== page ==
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Kidnap Victim Decries Myth of Mountain Men

July 10, 1989|ANN JAPENGA

Then 22, and a recent graduate of Montana State University in Bozeman, Swenson had just set out on a six-mile training run when the Nichols father and son blocked her path. She was still basking in the recent thrill of winning the first medal ever for the United States in world biathlon competition in Chamonix, France.

Kidnaped at Gunpoint

The men grabbed her by the wrists. When Swenson struggled, the elder Nichols hit her on the left side of the face. She was led away through the woods, tethered by a rope to Dan Nichols, with Don Nichols walking behind her, his rifle aimed at her back.

The athlete's parents and friends organized a search that night when Kari failed to report for dinner duty at the Lone Mountain Ranch in Big Sky where she worked. By dawn, about 40 local people had assembled with their horses and motorbikes to help search.

About 8 that morning, 18 hours after Swenson was kidnaped, one of the searchers, Alan Goldstein, found the Nicholses in their camp. Kari was chained to a fallen lodgepole pine nearby. In an incident he later would testify was accidental, Dan Nichols shot Kari Swenson in the chest. Then Don Nichols shot and killed Allan Goldstein.

A second searcher, Jim Schwalbe, entered the camp after Goldstein, witnessed the shootings and ran for help. When Kari saw that the Nicholses were going to flee the scene, the wounded athlete begged them to leave her a sleeping bag so she could stay warm (it was a cold morning), but they dumped her out of the bag onto the ground.

For almost four hours, until Schwalbe returned with help, Swenson was left alone with ants and flies invading her bleeding wounds. "I thought I was probably going to die at any time," she later told the Madison County District Court jury.

Near Death

Swenson survived the wait only to come near death again as she was being airlifted out of the campground and her stretcher--dangling beneath a helicopter--collided with a tree.

Once Swenson was hospitalized in Bozeman, the media seemed to quickly lose interest in her and shifted their focus to the Nicholses. It was here that the mythologizing process took over and the campfire tale was born.

The Nicholses fascinated the press and the public, according to historian William Lang, because they fit neatly into a pre-existing archetype in the mold of legendary mountain men such as Yellowstone Kelley and Liver Eating Johnson, also known as Jeremiah Johnson. Lang is the former executive editor of Montana: The Magazine of Western History.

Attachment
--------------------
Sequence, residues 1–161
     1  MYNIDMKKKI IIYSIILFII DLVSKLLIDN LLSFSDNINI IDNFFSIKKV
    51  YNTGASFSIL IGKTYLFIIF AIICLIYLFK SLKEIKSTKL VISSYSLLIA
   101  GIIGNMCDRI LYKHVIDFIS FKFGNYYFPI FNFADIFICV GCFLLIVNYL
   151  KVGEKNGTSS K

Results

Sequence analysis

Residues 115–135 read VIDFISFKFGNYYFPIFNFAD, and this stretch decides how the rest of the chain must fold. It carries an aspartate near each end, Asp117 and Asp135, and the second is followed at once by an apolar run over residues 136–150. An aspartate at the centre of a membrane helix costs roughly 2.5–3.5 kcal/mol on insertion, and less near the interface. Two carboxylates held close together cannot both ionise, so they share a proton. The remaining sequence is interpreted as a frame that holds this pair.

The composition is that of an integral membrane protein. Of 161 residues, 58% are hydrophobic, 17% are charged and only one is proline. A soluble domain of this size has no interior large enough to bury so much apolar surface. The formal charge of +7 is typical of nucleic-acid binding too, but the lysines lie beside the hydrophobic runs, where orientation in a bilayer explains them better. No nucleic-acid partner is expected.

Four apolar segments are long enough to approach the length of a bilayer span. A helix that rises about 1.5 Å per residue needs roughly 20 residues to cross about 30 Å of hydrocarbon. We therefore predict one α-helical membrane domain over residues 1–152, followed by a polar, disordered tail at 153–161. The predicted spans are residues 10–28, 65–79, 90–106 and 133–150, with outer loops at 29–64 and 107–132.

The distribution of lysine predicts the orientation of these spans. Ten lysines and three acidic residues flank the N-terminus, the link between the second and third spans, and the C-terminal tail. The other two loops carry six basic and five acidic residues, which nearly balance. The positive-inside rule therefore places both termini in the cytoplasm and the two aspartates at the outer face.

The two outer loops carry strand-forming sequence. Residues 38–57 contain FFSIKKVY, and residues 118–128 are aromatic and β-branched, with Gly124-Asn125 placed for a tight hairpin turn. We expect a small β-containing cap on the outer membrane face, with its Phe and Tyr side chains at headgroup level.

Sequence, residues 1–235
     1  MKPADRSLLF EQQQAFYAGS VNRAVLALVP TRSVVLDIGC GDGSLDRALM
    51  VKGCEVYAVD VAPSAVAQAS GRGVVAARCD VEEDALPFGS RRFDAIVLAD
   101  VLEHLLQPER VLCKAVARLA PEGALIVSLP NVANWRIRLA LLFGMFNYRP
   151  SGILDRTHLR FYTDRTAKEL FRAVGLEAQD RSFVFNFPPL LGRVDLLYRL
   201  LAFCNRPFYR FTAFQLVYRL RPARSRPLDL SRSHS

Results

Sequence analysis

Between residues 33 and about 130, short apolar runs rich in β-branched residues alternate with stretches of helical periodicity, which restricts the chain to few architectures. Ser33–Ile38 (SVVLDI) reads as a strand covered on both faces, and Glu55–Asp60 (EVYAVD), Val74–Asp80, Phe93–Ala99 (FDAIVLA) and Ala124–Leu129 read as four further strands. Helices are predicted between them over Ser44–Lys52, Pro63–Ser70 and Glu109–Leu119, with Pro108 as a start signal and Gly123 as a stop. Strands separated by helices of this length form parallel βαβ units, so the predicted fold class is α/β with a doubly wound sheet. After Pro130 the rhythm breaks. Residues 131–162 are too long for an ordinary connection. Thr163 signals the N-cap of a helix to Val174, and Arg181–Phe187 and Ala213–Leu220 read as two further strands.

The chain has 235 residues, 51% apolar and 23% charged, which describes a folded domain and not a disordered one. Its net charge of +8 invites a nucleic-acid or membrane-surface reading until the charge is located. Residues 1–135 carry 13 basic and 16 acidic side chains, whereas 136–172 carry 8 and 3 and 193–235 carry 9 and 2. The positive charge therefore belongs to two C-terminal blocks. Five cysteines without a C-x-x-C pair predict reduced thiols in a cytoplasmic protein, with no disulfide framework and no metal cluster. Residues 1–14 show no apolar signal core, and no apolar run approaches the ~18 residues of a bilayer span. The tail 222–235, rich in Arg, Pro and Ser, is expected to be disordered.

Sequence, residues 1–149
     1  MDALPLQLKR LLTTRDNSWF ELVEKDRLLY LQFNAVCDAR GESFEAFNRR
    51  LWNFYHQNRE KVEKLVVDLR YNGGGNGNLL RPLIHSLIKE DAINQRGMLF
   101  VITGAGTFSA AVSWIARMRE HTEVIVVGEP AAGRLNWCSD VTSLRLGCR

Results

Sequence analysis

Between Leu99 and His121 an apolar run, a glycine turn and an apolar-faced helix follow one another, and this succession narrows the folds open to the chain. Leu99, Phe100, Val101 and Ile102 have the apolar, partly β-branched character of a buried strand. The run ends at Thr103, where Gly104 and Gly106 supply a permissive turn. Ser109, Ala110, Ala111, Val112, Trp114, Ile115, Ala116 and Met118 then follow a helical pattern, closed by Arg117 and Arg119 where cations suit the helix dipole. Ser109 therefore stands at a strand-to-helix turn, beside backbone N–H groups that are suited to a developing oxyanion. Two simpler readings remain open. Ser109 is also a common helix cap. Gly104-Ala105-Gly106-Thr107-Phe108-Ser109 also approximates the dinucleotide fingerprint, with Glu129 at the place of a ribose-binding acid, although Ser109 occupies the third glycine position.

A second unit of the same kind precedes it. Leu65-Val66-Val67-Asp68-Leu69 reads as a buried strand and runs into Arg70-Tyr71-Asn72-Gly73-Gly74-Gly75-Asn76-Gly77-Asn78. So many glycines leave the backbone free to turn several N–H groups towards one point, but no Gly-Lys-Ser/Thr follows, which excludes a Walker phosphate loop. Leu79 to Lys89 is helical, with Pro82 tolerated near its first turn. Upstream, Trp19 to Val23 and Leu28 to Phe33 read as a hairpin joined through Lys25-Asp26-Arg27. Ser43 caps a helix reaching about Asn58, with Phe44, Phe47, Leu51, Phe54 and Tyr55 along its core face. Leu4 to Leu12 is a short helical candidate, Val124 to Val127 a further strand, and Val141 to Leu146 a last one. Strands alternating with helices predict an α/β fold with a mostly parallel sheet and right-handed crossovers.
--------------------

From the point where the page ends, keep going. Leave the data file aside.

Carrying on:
As a Sports Illustrated article said in a story on the abduction: "Some people were delighted at the ease with which the fugitives eluded capture and regarded 'old Don and Dan' as harmless throwbacks to an earlier, less trammeled era in the West."

In a similar vein, a newspaper headline called the elder Nichols a "Nice Man Born 100 Years Too Late."

So, while the Nicholses grew larger than life, Kari Swenson was "overwhelmed and obliterated" by the myth-making process, Lang said.

Rescuer Was a Hero

Janet Swenson says she thinks that Alan Goldstein, the man who died trying to rescue Kari, also was unfairly depicted--as a bumbling "James Bond city slicker" who had no business being in the mountains in the first place. (Goldstein, 34, had owned a men's clothing store in Michigan and had moved to Montana only the year before his death after discovering the majestic region during a cross-country ski vacation.)

The new book is dedicated to Alan Goldstein and restores him to his proper role as a hero.

It also recasts Kari Swenson as a survivor who was at least as resourceful as her captors.

"Victims" shows Swenson studying the terrain as she was dragged through the woods so she could find her way out if there was a chance to escape. She risked her captors' rage by dropping items such as her wristwatch to leave a trail for search parties. And she deliberately pressed the imprint of her running shoes in the soft dirt of gopher mounds and ant hills.

Even when shot, Swenson didn't behave like a victim. "I lay still and experimented with different types of breathing, trying to find the pattern that caused the least gurgling and sucking (in her collapsed lung)," she said in the book. Drawing on her athletic conditioning, she said, "I closed my eyes and concentrated on slowing my pulse."

Kari Swenson was a solitary woman even before she was kidnaped, happy to spend days alone with her horse, or running trails and wading creeks in training for the biathlon. The kidnaping and the media frenzy that followed have made her even more guarded.

Her written statement, which is included in the press materials for the book, expresses her ongoing reluctance to talk about the case: "I am a private person and I was not certain I wanted to relive the tragedy that affected so many people in my life. However, I decided having the facts published was important to all of us."

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